Peter Matika – [email protected]
POLICE in Bulawayo have launched a probe into the criminal activities of illegal foreign currency dealers who are using Point of Sale (POS) machines and so far seven osiphatheleni have been arrested.
In recent months, illegal forex dealers have resorted to using POS machines for transactions involving large sums of money.
The machines, with logos of various financial institutions, are used to lure clients in a bid to “formalise” illegal transactions.
Transacting illegally in forex is in violation of the country’s money laundering and Exchange Control Regulations.
The illegal activities fuel foreign exchange instability and is to blame for sustained loss of value of the local currency.
In Bulawayo as of yesterday, the black market rate was at US$1:$4 000 while the official rate trailed behind at US$1:Z$1 800.
Seven illegal foreign currency dealers have so far been arrested in Bulawayo, following the launch of a police operation targeting foreign currency dealers.
“We have launched an operation targeting these illegal foreign currency dealers, who are now daring to the extent of displaying Point of Sale (POS) machines. This is unheard of and we will not let such crimes go on unnoticed. We will get to the bottom of this and bring all who are involved to justice,” said Bulawayo Provincial spokesperson Inspector Abednico Ncube.
He said police retrieved 11 POS which are the property of NMB and Steward banks.
“We are launching investigations into how these foreign currency dealers got their hands on these machines. Whoever is involved will have a case to answer,” said Insp Ncube.
The arrested foreign currency dealers that were found in possession of NMB and Steward banks machines include Tatenda Makore (27), Blessing Siziba (24), Obey Dliwayo (45), Blessing Moyo (42), Everisto Chiyangwa (39), Simbarashe Njanji (26) and Reward Chigudu (45), who was found in possession of three unregistered machines.
Insp Ncube said the use of POS machines by illegal foreign currency dealers was among some of the major causes of the rise in rates.
“The latest developments where the illegal money changers use point of sale machines has seen their activities going out of hand, blocking pavements and operating as though everything is legal.
“The practice also becomes a security threat as robbers may target such open illegal banking systems. Police will conduct operations to safeguard the lives and incomes of innocent people,” said Insp Ncube.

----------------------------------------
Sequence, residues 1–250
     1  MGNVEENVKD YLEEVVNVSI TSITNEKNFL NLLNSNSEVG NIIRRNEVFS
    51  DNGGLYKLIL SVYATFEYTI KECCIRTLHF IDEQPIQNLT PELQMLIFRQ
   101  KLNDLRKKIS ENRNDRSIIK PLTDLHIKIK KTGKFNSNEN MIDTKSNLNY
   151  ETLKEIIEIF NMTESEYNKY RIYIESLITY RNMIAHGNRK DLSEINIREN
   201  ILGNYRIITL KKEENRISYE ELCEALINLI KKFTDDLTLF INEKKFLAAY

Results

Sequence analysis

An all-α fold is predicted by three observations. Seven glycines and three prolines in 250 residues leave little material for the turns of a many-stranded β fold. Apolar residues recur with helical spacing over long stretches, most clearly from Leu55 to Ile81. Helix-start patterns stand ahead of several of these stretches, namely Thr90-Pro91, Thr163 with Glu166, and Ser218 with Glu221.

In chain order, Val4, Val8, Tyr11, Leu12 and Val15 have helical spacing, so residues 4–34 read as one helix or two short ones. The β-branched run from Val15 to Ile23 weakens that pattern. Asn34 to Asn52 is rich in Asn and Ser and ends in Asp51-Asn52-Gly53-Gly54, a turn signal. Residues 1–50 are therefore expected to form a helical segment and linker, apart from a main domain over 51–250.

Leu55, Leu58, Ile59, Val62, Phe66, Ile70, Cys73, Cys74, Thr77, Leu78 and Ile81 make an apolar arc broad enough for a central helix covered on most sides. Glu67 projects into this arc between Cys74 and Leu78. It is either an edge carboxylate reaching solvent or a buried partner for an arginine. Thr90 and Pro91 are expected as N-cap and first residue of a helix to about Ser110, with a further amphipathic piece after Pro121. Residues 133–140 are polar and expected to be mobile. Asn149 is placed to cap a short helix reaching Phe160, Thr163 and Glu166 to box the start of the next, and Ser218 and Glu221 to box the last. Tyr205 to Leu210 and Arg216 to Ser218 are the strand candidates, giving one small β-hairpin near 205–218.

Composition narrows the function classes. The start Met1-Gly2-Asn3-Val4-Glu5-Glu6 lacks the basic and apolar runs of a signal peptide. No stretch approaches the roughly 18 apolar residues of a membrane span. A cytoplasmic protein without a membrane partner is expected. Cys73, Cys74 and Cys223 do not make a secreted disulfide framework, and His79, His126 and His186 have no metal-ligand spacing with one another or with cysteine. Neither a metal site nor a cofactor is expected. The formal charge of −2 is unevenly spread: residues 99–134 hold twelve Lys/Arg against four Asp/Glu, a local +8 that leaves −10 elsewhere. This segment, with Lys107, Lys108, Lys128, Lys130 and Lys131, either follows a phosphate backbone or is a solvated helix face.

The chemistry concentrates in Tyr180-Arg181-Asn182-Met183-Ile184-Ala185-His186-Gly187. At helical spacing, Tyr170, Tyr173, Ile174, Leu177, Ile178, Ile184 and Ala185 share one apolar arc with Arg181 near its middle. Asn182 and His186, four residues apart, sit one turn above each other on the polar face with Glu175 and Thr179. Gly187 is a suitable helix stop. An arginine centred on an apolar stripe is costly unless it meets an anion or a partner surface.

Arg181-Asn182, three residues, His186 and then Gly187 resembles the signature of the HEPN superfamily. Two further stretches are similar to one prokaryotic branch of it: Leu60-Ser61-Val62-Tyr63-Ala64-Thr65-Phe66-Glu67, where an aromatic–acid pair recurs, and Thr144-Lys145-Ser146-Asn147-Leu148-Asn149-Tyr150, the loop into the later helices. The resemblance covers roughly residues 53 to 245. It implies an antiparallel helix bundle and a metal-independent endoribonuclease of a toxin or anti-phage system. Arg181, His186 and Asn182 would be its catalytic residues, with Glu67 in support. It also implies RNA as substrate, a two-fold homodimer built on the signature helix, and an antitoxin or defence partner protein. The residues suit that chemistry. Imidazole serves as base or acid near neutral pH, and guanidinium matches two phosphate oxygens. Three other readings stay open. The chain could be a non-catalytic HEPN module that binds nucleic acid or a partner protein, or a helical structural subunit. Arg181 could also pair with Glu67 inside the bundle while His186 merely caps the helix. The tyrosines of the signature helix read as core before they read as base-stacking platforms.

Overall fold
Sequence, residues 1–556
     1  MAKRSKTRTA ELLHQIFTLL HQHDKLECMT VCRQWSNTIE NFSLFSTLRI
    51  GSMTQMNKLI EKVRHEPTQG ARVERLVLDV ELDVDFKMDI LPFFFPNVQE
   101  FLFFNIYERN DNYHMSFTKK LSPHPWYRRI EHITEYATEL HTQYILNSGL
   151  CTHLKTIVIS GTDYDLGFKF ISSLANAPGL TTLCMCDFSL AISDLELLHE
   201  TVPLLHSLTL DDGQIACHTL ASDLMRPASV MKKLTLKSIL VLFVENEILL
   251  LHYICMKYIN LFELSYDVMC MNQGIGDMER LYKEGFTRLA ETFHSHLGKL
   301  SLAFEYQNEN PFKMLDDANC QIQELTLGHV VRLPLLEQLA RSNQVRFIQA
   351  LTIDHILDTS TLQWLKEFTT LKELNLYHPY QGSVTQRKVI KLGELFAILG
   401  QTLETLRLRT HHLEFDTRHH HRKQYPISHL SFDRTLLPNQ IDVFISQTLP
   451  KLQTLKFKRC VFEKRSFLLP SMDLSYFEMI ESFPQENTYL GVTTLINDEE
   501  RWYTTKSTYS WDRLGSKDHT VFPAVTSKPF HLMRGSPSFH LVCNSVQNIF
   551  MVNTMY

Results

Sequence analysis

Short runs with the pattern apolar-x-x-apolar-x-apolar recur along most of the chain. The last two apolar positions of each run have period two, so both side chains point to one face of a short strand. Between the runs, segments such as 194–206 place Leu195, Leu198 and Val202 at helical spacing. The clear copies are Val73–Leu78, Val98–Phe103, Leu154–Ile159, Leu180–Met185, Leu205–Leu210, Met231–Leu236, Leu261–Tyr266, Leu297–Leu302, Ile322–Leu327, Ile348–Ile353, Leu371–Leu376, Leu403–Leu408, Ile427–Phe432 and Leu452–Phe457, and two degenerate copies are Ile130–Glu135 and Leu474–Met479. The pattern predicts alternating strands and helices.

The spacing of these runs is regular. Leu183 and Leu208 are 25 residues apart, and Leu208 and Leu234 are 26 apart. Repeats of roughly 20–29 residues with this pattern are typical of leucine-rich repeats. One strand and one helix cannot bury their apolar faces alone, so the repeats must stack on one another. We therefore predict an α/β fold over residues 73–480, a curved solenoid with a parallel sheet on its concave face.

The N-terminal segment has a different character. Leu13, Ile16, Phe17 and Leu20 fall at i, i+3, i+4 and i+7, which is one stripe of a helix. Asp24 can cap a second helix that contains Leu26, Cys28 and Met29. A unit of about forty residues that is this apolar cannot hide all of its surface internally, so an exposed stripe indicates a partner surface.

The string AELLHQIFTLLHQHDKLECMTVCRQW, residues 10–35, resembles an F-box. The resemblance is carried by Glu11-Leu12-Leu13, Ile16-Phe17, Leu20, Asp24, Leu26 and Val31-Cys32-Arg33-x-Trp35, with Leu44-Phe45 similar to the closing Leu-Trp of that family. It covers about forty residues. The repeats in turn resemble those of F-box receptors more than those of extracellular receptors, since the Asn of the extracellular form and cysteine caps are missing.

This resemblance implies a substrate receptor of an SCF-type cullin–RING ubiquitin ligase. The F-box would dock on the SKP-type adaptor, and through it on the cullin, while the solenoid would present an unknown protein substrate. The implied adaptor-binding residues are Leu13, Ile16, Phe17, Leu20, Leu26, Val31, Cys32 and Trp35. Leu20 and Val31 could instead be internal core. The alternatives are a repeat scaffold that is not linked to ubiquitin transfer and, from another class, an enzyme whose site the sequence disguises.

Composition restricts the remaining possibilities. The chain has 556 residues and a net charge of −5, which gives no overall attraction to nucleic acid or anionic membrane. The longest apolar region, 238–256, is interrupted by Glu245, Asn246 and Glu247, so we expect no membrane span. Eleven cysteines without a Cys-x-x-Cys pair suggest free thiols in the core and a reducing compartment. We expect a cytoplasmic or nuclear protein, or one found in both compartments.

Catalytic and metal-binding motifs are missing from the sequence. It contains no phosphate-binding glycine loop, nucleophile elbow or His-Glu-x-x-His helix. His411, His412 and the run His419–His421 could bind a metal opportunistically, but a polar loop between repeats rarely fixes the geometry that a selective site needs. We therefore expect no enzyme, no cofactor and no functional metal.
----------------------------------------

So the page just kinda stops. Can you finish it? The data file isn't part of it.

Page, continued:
Illegal forex dealers are now a regular feature at almost every street corner in Bulawayo.
While most illegal money changers operate from cars in areas surrounding Tredgold Building, several others have set up permanent spots where they openly trade in public.
So brave are the illegal money changers that they conduct their business right in front of the Magistrates’ Courts and are usually indifferent in the presence of police officers.
Some are found along Leopold Takawira Avenue between Fort Street and Joshua Mqabuko Nkomo Street while others have drifted to George Silundika Street between 10th and 11th Avenue.
These are popular with members of the public who prefer the higher rates offered as opposed to the official rate in the formal market.
Last week our news crew sought to establish how POS machines are obtained from financial institutions and their conditions of usage as per the agreements signed.
Posing as an entrepreneur at one of Zimbabwe Stock Exchange-listed financial houses, one official outlined to the reporter the process of obtaining a POS machine.
“First of all, you need to open a company bank account with us, providing the bank with your certificate of incorporation, CR14, CR6, a tax clearance certificate, memorandum and articles of association,” said the official.
“We need to have sight of your minutes of the previous meeting, copy of identity documents, company profile and a deposit of $18 000.
“The whole process takes less than a week and we will issue you with POS machines depending on the number you require,” said the bank official who was generous enough to provide his contact details “for further assistance”.
However, a document provided, which relates to the POS merchant agreement, details the usage of the gadgets and measures to be taken for violating the agreement. For instance, the document states that: “the equipment will be delivered by (name of the Bank supplied) to the delivery address.”
“Bank at its own cost, provides telecommunication equipment to link the equipment to the merchant.
“The Merchant shall not remove the Equipment from the delivery address or relocate it anywhere else without the prior written approval of the Bank,” reads one section.
On the part of the merchant, the document states that: “the Merchant will always keep the equipment fully charged, where applicable and in a safe place at the delivery address and ensure that it is used with due skill and care, and only in the manner and for the purpose for which it is designed and intended in accordance with the business of the merchant.
“The Merchant shall ensure that the equipment is always operated in accordance with the law . . . where the equipment is used to commit fraud or bank reasonably suspects the existence of fraud or nefarious conduct in respect of the provisions of this agreement, Bank may terminate this agreement without giving the Merchant any notice and will be entitled to recover the equipment immediately.”
Investigations revealed that some retail outlets were reportedly hiring out their gadgets to money changers for a fee while some directly engage osiphatheleni to conduct illegal forex trading on their behalf.
Bankers Association of Zimbabwe (BAZ) chief executive, Mr Fanwell Mutogo said they are not aware of the practice to use the machines by illegal forex dealers.